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Huck Botko, Andrew Gurland
Matt Bennett, Zack Pearlman, Jacob Davich, Justin Kline, Krysta Rodriguez, Nicole Weaver, Harry Zittel
Writing Credits:
Huck Botko, Andrew Gurland

Are You Ready To Take The Hit?

Four guys, one camera, and their experience chronicling the exhilarating and terrifying rite of passage: losing your virginity. As these guys help their buddy get laid, they'll have to survive friends with benefits, Internet hookups, even porn stars during an adventure that proves why you will always remember your first.

Box Office:
Opening Weekend
$301.885 thousand on 700 screens.
Domestic Gross
$535.249 thousand.

Rated R

Aspect Ratio: 1.85:1/16X9
English Dolby Digital 5.1
French Dolby Surround 5.1
Spanish Dolby Digital 5.1
Portuguese Dolby Digital 5.1
Thai Dolby Digital 5.1
Supplements Subtitles:

Runtime: 90 min.
Price: $24.96
Release Date: 1/18/2011

• Audio Commentary with Writers/Directors Andrew Gurland and Huck Botko and Actors Zack Pearlman and Matt Bennett
• Screen Test with Matt and Zack
• Zack’s Online Audition
• “Line-O-Rama”
• “Jersey Girl” Featurette
• Previews


Panasonic 50" TH-50PZ77U 1080p Plasma Monitor; Sony STR-DG1200 7.1 Channel Receiver; Panasonic DMP-BD60K Blu-Ray Player using HDMI outputs; Michael Green Revolution Cinema 6i Speakers (all five); Kenwood 1050SW 150-watt Subwoofer.


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The Virginity Hit (2010)

Reviewed by Colin Jacobson (January 18, 2011)

With 2010’s The Virginity Hit, we get a more technologically savvy teen take on The 40-Year-Old Virgin. Four high school buddies make a pact: whenever one of them gets laid for the first time, they’ll celebrate with a “virginity hit” on a ceremonial bong.

This occurs three times until only Matt (Matt Bennett) still needs to lose his cherry. He appears ready to do this with his girlfriend Nicole (Nicole Weaver) and his best pal Zack (Zack Pearlman) decides to create a video document of all the steps along the way.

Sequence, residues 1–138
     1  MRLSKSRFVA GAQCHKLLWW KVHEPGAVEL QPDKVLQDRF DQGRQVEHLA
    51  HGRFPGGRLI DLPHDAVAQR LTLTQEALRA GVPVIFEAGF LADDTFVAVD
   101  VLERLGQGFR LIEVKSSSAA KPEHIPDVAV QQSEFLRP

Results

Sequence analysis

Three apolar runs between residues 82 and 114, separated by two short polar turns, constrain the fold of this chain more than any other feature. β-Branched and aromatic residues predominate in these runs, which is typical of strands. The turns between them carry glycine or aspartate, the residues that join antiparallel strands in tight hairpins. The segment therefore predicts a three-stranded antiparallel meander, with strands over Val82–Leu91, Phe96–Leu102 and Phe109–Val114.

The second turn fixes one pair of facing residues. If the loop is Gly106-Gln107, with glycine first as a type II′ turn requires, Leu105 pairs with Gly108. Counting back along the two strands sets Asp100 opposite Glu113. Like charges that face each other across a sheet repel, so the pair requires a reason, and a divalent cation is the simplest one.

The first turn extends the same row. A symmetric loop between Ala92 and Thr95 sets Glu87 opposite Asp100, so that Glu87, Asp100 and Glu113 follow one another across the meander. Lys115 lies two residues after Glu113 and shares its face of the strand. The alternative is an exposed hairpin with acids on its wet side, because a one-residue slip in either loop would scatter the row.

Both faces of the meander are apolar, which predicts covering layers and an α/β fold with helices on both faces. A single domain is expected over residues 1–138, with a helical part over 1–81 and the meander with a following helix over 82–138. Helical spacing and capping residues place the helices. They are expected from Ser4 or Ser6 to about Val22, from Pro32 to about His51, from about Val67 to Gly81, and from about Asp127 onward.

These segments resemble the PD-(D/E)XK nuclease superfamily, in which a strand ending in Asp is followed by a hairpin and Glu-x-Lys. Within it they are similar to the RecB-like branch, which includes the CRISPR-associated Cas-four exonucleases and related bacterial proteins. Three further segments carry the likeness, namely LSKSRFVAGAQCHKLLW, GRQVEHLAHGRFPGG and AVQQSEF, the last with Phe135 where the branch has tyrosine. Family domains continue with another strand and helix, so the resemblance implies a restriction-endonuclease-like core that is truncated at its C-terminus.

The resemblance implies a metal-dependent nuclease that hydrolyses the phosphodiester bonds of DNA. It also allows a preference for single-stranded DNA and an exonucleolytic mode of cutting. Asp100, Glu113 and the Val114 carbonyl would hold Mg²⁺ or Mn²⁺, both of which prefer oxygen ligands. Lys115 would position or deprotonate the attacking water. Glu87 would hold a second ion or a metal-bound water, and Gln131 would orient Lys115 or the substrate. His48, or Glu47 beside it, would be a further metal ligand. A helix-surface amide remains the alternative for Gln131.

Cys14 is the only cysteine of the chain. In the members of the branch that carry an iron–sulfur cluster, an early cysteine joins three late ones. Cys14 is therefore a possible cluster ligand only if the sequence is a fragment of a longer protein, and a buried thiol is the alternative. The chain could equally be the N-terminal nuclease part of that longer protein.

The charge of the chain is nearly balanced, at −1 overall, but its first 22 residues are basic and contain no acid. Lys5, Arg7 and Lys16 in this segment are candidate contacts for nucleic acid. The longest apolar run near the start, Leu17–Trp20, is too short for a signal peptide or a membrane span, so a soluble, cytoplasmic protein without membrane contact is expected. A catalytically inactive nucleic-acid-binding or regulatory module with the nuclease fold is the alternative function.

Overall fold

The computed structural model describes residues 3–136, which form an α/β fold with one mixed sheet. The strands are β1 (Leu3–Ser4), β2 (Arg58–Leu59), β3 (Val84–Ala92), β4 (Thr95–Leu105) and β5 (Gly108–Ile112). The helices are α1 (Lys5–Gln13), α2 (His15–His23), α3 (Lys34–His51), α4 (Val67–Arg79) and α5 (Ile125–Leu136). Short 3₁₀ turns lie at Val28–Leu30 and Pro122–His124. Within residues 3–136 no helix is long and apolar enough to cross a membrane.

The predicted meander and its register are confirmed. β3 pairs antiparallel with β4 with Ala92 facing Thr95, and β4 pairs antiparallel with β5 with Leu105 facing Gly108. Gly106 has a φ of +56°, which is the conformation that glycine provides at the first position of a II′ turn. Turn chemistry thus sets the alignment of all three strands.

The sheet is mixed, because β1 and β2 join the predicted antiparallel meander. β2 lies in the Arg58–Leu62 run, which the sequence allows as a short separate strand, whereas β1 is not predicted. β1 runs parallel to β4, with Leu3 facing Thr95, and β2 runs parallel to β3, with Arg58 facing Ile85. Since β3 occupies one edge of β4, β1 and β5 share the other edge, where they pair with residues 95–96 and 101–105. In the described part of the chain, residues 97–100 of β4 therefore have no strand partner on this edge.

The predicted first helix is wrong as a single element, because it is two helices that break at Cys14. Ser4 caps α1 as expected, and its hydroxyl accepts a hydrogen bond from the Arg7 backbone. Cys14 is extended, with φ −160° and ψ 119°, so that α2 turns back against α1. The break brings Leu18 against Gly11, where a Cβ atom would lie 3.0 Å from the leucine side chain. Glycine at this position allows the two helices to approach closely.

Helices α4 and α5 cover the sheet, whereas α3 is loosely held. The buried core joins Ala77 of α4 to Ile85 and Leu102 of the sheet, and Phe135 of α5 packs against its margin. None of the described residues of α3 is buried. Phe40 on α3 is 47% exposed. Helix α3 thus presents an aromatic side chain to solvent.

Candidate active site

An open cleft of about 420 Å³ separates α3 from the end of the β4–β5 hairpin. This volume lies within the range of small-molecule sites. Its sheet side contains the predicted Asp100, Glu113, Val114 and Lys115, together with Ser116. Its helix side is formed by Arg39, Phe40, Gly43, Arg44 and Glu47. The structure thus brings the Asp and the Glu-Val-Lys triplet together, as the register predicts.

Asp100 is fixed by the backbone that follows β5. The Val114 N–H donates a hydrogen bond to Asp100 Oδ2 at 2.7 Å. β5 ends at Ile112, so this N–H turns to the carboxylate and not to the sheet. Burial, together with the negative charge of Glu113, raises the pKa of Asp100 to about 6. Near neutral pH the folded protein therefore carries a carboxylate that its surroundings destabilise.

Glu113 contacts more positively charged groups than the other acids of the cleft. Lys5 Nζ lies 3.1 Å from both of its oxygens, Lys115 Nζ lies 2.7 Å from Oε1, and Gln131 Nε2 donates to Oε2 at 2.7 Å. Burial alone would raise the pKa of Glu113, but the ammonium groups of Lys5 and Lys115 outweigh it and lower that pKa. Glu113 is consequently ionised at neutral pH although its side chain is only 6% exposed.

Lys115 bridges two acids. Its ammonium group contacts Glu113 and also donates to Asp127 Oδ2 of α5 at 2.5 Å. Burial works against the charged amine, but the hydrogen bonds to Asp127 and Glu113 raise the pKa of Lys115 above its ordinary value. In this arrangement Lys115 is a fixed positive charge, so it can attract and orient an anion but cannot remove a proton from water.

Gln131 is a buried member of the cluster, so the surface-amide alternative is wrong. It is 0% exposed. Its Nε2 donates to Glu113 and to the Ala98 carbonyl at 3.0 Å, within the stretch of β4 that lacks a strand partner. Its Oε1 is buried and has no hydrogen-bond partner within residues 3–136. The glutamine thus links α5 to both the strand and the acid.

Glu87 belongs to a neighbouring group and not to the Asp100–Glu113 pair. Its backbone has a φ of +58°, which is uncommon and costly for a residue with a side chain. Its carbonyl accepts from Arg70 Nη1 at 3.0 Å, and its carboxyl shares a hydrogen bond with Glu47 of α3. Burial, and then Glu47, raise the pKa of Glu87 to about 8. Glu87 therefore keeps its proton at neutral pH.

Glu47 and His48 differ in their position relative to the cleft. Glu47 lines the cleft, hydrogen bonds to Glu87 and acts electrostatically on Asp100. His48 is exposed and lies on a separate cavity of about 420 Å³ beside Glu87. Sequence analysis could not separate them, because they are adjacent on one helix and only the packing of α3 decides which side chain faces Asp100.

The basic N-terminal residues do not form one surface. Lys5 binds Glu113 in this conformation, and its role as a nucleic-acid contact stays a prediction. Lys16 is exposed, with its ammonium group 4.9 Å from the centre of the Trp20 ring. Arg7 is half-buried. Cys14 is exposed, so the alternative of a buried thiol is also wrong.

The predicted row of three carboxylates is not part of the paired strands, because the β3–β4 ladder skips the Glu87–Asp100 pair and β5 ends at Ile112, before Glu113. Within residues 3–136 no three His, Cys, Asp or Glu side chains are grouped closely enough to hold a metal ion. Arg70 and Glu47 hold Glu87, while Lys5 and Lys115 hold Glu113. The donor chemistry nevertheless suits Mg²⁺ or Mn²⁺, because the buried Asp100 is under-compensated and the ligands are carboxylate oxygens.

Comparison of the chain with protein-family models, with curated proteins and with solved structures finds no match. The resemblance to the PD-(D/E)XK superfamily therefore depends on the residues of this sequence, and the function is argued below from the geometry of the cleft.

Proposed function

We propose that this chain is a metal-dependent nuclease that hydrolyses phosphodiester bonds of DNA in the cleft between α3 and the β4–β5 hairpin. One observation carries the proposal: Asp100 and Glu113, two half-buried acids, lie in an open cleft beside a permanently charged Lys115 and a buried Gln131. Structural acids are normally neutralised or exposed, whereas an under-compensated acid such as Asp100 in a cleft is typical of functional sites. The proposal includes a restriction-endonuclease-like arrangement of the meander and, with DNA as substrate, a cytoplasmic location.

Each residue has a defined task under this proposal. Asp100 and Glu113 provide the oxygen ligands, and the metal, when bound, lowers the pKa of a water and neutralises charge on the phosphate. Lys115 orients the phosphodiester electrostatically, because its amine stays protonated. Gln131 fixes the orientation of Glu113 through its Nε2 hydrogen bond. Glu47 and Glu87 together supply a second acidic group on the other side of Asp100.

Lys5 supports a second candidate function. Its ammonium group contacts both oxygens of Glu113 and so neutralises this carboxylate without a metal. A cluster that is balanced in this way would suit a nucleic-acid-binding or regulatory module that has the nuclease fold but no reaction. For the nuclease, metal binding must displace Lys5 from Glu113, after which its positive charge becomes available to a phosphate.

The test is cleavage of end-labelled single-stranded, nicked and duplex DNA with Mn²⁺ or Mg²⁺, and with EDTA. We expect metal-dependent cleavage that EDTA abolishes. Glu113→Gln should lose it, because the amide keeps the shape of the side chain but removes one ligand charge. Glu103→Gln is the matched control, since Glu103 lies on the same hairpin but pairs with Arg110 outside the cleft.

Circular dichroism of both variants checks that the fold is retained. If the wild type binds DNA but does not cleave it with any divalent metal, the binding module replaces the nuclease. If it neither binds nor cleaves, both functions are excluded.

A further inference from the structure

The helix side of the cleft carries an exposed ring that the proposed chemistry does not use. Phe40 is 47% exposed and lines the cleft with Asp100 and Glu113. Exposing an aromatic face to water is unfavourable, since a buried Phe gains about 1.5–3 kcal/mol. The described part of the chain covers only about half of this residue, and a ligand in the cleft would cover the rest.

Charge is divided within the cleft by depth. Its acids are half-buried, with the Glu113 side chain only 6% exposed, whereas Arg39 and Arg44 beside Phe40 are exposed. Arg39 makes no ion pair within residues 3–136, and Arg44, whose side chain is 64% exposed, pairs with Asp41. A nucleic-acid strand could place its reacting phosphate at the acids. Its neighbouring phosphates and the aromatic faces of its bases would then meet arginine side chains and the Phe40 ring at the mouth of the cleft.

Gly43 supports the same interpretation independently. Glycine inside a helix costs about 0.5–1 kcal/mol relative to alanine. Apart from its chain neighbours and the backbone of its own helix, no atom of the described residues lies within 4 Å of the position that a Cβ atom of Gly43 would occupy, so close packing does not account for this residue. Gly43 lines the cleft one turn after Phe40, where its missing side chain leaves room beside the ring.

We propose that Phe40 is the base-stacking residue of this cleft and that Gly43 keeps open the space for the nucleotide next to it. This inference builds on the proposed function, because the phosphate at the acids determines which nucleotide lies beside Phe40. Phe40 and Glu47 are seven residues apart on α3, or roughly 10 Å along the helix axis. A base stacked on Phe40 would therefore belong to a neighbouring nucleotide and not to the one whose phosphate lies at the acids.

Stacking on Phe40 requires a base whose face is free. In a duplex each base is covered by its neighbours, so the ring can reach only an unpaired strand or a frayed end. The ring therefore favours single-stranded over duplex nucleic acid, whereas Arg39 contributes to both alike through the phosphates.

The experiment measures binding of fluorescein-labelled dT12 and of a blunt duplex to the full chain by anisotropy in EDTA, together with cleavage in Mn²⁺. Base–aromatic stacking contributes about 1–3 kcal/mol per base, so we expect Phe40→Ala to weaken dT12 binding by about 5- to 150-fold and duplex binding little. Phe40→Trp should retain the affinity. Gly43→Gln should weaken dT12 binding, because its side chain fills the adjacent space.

The plan goes awry when Matt hears a rumor that Nicole cheated at a college party. Initially he plans to call off the date, but his friends insist that he go through with it – and add a twist. When Matt and Nicole come back to the hotel, they’ll do it and he’ll dump her as soon as they finish – all of which Zack and the boys will capture on video.

Inevitably, this also flops. Matt gets sick and can’t follow through with the sexual demands. He and Nicole officially break up, which inadvertently leads to attention from a hot older woman named Becca (Savannah Welch) after Zack posts the video footage online. This takes us down a variety of paths as Matt tries to lose his virginity.

A variety of really slow paths. When I recently watched The Social Network, I noticed how quickly the movie flew by; when I was a good 40 minutes into the flick, I though only about 15-20 minutes had passed.

No such pleasant surprise occurred during Hit; indeed, the opposite reaction took place. I figured the 90-minute movie had to be half-finished when I checked the timer on my player; instead, it turned out that only 11 - 11! - minutes had elapsed!

That’s what we call a “bad sign”, and the pace never picked up as the flick progressed. Perhaps it’s too much to expect a coherent narrative from something as high concept as this. After all, it’s supposed to provide footage shot by a teen who follows his buddy’s quest for sex, so it’s not like it comes with a clear-cut narrative. Indeed, one could argue that a tighter, more coherent take wouldn’t make sense within the movie’s cinéma vérité concept.